(4) The parent who provides the insurance coverage may receive credit against the base child support award or recover the other parent’s share of the children’s portion of the premium. In cases in which the parent does not have insurance but another member of the parent’s household provides insurance coverage for the children, the parent may receive credit against the base child support award or recover the other parent’s share of the children’s portion of the premium.
(5) The children’s portion of the premium is a per capita share of the premium actually paid. The premium expense for the children shall be calculated by dividing the premium amount by the number of persons covered under the policy and multiplying the result by the number of children in the instant case.
(6) The order shall, in accordance with Subsection 30-3-5(1)(b), include a cash medical support provision that requires each parent to equally share all reasonable and necessary uninsured and unreimbursed medical and dental expenses incurred for the dependent children, including but not limited to deductibles and copayments unless the court finds good cause to order otherwise.

C) Child care, i.e., work-related child care expenses . See Utah Code Sections 78B-12-214 and 78B-12-215:

§78B-12-214. Child care expenses — Expenses not incurred.

(1) The child support order shall require that each parent share equally the reasonable work-related child care expenses of the parents.
(2)(a) If an actual expense for child care is incurred, a parent shall begin paying his share on a monthly basis immediately upon presentation of proof of the child care expense, but if the child care expense ceases to be incurred, that parent may suspend making monthly payment of that expense while it is not being incurred, without obtaining a modification of the child support order.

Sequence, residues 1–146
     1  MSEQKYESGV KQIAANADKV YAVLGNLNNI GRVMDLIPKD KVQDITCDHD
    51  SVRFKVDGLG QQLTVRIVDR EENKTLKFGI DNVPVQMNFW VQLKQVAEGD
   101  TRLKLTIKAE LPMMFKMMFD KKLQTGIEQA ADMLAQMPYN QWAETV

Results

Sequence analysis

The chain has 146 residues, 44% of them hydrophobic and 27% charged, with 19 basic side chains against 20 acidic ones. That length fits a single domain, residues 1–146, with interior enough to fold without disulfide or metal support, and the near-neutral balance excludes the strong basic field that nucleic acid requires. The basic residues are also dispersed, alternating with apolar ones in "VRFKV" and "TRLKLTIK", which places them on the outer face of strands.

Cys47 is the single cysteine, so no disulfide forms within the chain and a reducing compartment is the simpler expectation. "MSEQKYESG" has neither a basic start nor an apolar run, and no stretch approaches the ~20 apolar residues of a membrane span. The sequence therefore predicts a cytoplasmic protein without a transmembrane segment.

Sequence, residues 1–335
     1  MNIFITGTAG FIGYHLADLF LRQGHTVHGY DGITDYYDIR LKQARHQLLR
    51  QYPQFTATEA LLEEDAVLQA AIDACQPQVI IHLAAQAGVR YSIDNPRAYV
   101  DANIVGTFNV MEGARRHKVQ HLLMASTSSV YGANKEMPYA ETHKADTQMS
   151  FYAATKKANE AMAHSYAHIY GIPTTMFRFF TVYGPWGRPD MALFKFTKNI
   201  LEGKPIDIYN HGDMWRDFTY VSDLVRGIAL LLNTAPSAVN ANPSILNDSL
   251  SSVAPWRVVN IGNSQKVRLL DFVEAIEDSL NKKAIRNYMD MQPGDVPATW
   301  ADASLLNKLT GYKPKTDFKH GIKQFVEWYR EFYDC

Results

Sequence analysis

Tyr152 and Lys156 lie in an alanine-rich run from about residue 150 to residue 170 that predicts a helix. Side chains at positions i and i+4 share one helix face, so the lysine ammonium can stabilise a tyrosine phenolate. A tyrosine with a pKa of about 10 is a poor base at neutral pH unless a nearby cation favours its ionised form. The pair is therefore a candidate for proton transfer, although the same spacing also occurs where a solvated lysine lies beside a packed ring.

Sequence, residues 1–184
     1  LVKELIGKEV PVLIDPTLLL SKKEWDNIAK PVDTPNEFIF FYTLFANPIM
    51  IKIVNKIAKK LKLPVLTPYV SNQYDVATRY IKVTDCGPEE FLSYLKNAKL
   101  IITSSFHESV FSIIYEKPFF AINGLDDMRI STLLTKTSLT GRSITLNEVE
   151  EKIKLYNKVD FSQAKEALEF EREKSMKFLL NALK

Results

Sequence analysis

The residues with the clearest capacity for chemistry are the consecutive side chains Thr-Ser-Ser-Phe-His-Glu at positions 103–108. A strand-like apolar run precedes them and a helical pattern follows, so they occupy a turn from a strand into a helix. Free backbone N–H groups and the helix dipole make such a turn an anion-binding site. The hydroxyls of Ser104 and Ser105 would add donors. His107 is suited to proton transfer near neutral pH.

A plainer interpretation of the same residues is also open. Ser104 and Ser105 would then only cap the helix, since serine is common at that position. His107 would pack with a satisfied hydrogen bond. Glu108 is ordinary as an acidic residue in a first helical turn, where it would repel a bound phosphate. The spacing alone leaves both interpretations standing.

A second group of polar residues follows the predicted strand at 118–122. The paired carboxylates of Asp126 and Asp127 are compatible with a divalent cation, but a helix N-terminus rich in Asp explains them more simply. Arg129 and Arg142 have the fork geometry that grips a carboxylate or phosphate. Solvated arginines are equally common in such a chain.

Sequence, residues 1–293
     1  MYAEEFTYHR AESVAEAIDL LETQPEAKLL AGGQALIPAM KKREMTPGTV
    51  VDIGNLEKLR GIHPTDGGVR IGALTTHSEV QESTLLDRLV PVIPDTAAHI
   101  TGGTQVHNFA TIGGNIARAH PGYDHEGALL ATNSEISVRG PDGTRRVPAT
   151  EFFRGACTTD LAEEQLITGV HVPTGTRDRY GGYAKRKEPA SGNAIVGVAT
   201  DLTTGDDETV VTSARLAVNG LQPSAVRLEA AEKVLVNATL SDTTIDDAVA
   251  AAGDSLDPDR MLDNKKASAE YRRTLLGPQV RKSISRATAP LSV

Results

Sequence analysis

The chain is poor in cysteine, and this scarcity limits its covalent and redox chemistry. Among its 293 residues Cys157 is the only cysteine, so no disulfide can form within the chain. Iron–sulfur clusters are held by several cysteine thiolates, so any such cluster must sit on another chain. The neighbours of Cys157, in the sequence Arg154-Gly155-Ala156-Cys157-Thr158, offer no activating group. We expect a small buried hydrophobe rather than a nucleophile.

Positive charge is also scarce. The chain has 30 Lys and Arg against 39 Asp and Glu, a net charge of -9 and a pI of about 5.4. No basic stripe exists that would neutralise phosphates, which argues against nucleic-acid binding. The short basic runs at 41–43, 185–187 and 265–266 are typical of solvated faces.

(b)(i) In the absence of a court order to the contrary, a parent who incurs child care expense shall provide written verification of the cost and identity of a child care provider to the other parent upon initial engagement of a provider and thereafter on the request of the other parent.
(ii) In the absence of a court order to the contrary, the parent shall notify the other parent of any change of child care provider or the monthly expense of child care within 30 calendar days of the date of the change.
(3) In addition to any other sanctions provided by the court, a parent incurring child care expenses may be denied the right to receive credit for the expenses or to recover the other parent’s share of the expenses if the parent incurring the expenses fails to comply with Subsection (2)(b).

§78B-12-215. Child care costs.
(1) The need to include child care costs in the child support order is presumed, if the custodial parent or the noncustodial parent, during extended parent-time, is working and actually incurring the child care costs.
(2) The need to include child care costs is not presumed, but may be awarded on a case-by-case basis, if the costs are related to the career or occupational training of the custodial parent, or if otherwise ordered by the court in the interest of justice.
(3) The court may impute a monthly obligation for child care costs when it imputes income to a parent who is providing child care for the minor child of both parties so that the parties are not incurring child care costs for the child. Any monthly obligation imputed under this section shall be applied towards any actual child care costs incurred within the same month for the child.

Utah Family Law, LC | divorceutah.com | 801-466-9277

https://www.quora.com/Can-you-sign-a-prenup-legally-forfeiting-rights-to-child-support-if-you-divorce/answer/Eric-Johnson-311